And I’m sure it’s just the familiarity I’ve felt. But I also… didn’t know it was missing? Or, I knew I was missing something. I just couldn’t ever name what it was before. Probably a part of it is just like, the part of Natasha’s accent that distinctly reads as “Utah,” and talking with someone and being able to use the words I grew up using, my first language, in a sense, and knowing I’d be understood. But I think… I think I miss being a part of THAT community. Of the Mormon community. It hit me a little funny during the podcast when she said “church home.”
Mormonism was my first home. It’s my heritage. I’m a Pratt. I was raised from the cradle to be Mormon. To love my family, and to be accepting, and to love God. And even though my definitions of those things have shifted -like acceptance, who I consider family, what divinity means to me, and even what love is- I still hold… essentially? The same fundamental morals that I’ve always held. Those things that I view as being the Good Things that Being Raised Mormon gave me.
But if I had to name it? What it’s been so long since I’ve felt so strongly is… that feeling of… belonging. And I miss it. I’d be lying if I tried to pretend I didn’t. Is it fair to feel like I’ve somehow been displaced, when I removed myself? During the podcast, I called my abuser “my first primary teacher, out of nursery.” and Natasha responded, “…when you were a sunbeam?” I hadn’t realized I had forgotten that word. Do they still call the 3-year olds that?
The familiarity I’ve felt recently has been with Sam, too, I think. Though not to the same extent, and I’ll tell you why. It’s because in that church family, in that community that was MINE, I sought out and FOUND the people… the women, actually… who saw me. The women in my life that I looked up to, that I gravitated toward? The primary leaders, and young women leaders, and relief society presidents, and Sunday school teachers who SAW me? Who made me feel loved? They were the oases in the desert that I drank from in order to survive the landscape of a childhood that was otherwise only marked by trauma and neglect.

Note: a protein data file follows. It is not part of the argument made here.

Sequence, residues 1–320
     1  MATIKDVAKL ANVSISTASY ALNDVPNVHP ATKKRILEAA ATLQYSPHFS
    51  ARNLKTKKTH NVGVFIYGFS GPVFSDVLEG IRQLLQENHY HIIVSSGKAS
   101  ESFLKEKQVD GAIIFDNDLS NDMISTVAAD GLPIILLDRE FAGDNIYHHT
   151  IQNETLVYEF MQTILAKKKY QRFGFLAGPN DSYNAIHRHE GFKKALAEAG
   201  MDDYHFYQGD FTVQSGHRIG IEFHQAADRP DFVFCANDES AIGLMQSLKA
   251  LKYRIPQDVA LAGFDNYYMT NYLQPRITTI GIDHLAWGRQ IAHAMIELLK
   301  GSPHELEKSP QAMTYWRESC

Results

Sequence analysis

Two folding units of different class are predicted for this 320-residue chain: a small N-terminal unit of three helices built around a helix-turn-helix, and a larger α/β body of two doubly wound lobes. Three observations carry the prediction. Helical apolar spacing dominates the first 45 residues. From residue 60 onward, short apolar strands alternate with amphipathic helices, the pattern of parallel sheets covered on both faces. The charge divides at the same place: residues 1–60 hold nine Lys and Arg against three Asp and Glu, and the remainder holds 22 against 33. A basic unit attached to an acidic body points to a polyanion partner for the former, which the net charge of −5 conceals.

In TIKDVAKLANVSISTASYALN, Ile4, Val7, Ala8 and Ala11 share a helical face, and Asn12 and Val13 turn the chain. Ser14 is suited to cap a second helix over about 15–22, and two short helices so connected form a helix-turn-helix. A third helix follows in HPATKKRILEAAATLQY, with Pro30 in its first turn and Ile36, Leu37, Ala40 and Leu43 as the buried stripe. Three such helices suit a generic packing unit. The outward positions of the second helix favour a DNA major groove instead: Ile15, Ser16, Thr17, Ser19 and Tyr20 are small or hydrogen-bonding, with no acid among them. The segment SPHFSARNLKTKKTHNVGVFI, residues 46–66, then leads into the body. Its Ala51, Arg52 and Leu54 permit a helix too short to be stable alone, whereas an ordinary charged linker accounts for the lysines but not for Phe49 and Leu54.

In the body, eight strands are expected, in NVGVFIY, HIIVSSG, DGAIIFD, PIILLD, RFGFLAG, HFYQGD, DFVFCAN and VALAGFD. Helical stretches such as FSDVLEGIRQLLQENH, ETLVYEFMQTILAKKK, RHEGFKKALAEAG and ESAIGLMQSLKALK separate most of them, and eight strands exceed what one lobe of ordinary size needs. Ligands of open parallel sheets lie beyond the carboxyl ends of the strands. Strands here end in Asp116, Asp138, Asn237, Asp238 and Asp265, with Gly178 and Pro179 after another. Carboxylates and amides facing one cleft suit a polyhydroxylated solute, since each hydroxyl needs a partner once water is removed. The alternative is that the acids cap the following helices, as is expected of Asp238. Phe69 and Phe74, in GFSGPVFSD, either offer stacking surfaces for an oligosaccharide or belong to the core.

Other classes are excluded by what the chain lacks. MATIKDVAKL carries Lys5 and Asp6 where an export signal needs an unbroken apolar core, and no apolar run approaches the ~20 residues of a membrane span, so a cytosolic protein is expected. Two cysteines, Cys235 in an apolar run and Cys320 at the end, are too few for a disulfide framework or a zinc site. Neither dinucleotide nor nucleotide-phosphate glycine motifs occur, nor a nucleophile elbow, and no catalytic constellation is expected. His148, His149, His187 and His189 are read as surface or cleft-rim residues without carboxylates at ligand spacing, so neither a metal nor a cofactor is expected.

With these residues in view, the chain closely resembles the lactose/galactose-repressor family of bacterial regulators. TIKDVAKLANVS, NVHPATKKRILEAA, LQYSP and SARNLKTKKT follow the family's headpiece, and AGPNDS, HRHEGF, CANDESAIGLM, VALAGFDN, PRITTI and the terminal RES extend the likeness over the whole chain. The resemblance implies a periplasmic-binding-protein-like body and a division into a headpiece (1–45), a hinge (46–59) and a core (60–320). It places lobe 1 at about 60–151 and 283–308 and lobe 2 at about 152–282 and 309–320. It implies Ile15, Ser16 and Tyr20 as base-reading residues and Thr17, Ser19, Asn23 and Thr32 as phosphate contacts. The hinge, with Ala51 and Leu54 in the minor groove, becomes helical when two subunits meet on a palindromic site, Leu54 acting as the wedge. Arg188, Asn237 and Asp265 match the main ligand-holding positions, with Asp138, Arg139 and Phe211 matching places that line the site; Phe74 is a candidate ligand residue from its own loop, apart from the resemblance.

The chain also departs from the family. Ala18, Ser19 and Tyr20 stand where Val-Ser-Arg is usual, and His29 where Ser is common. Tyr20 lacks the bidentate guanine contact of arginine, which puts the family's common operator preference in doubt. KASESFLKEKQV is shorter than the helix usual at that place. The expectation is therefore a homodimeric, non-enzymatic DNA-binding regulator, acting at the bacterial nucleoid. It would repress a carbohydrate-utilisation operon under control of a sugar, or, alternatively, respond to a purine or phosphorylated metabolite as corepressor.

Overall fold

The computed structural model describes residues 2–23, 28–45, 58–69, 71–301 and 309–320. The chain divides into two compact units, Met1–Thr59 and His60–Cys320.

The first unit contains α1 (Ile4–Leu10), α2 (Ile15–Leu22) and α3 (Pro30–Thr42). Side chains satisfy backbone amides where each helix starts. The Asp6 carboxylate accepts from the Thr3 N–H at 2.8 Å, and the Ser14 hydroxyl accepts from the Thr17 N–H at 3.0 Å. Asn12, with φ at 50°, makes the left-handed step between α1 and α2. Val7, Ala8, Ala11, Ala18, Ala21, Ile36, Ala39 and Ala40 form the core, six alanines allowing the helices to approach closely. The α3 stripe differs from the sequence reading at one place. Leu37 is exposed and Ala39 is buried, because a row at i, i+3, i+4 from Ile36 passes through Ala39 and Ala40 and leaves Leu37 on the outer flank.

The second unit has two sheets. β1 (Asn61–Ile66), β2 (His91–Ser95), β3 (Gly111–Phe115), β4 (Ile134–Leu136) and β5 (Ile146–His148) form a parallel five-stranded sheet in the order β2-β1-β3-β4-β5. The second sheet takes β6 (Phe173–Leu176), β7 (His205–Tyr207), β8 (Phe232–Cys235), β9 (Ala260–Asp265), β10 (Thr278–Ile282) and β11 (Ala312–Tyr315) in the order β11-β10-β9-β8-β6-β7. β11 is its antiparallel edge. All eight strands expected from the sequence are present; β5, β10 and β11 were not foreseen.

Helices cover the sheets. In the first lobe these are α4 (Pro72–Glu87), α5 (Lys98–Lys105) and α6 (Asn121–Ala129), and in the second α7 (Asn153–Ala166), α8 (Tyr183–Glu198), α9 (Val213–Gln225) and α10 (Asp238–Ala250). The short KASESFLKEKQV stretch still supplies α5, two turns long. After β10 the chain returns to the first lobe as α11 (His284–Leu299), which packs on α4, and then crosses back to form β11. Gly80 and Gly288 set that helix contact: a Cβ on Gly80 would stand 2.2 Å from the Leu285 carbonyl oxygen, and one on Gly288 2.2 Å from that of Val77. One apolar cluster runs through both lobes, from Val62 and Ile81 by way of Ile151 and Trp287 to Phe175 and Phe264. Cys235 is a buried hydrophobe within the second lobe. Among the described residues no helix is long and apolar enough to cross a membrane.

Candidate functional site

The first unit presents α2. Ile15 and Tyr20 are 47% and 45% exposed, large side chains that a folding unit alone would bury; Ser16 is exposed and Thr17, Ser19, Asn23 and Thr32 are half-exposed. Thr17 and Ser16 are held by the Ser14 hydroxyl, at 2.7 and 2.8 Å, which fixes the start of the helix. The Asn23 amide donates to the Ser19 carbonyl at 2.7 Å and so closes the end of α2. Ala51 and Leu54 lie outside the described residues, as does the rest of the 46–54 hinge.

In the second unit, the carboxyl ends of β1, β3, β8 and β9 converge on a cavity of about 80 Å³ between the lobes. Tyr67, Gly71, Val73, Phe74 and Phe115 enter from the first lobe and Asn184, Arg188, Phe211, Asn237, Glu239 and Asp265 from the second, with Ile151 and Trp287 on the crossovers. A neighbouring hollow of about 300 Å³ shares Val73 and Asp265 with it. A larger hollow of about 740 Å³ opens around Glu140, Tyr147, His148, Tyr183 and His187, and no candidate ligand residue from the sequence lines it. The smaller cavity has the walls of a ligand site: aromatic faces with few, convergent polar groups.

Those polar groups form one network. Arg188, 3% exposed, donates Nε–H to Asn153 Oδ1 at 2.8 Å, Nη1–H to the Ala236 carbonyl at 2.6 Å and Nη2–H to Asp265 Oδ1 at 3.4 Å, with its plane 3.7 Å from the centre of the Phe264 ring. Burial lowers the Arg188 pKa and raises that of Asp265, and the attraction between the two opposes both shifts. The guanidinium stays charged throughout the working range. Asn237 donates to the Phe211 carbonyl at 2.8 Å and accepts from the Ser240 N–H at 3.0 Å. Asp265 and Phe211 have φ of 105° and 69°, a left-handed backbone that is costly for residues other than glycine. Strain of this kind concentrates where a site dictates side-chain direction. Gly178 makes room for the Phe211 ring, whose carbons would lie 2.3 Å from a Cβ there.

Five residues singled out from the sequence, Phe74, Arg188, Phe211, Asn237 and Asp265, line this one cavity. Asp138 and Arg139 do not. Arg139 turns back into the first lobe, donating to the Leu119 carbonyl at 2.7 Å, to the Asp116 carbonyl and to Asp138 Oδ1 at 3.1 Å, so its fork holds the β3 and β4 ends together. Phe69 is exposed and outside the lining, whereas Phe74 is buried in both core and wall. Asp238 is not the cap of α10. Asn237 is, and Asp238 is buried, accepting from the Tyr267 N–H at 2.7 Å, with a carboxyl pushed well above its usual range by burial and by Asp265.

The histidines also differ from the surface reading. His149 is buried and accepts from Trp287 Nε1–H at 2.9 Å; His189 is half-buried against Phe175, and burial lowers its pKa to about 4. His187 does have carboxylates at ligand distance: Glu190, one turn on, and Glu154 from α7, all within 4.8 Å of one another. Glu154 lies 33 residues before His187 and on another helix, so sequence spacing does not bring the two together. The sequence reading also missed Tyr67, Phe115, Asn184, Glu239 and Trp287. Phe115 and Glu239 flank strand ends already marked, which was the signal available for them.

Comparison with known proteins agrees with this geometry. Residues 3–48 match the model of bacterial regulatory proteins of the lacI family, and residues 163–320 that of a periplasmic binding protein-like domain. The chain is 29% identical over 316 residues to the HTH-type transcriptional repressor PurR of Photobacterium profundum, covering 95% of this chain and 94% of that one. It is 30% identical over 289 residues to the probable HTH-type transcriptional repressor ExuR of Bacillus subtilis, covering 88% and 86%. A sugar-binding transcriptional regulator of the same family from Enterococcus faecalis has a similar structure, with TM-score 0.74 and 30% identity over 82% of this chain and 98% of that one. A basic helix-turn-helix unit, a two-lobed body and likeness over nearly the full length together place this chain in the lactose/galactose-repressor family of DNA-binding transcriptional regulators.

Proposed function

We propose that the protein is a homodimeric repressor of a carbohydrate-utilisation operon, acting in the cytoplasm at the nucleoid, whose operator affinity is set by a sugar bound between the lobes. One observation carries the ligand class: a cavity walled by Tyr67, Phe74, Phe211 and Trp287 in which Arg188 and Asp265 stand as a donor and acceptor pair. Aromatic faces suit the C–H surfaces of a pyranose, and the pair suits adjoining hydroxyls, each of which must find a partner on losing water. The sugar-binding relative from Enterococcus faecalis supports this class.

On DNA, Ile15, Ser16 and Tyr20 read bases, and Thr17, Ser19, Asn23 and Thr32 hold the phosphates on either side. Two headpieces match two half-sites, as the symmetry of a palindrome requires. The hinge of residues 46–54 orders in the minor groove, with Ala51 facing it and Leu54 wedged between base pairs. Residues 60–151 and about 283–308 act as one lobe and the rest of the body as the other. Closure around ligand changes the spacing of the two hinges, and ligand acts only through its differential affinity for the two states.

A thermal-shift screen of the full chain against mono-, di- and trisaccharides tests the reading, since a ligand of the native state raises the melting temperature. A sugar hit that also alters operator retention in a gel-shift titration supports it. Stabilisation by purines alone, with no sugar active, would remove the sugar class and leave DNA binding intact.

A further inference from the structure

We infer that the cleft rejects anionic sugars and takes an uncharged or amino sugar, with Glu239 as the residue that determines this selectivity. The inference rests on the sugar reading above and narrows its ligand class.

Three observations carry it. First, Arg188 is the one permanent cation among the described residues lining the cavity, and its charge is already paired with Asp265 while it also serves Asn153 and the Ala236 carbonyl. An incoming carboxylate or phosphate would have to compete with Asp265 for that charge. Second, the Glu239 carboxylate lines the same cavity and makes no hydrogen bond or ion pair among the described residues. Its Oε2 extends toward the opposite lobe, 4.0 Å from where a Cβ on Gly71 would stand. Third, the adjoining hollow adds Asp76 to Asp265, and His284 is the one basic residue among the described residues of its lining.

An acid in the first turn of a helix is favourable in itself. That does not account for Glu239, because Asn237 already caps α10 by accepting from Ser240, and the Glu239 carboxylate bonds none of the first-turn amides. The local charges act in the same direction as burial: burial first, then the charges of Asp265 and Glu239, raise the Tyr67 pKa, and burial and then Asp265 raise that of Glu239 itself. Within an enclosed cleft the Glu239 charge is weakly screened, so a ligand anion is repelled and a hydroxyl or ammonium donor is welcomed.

And interacting with Natasha? Has felt more than a little like stumbling upon an oasis and drinking deeply. Women like her saved my life. I don’t think a single one of them knows it, but it’s true. I’ve reached a point where I feel like I can no longer deny that I feel like I’ve lost something through my faith transition. And I have no idea how to go about filling that void. Or even if it’s possible.
But… And. Today, one year from the day that I officially and legally disassociated myself from the Mormon church, I think it’s important to acknowledge that it’s possible to know that something was wrong for you, to not want it back, but to still miss it, miss it deeply, and feel that loss.
Natasha Helfer Parker, LCMFT, CST runs an online practice, Symmetry Solutions, which focuses on helping families and individuals with faith concerns, sexuality and mental health. She hosts the Mormon Mental Health and Mormon Sex Info Podcasts, writes a regular column for Sunstone Magazine, is the current president of the Mormon Mental Health Association and runs a sex education program, Sex Talk with Natasha. She has over 20 years of experience working with primarily an LDS/Mormon clientele.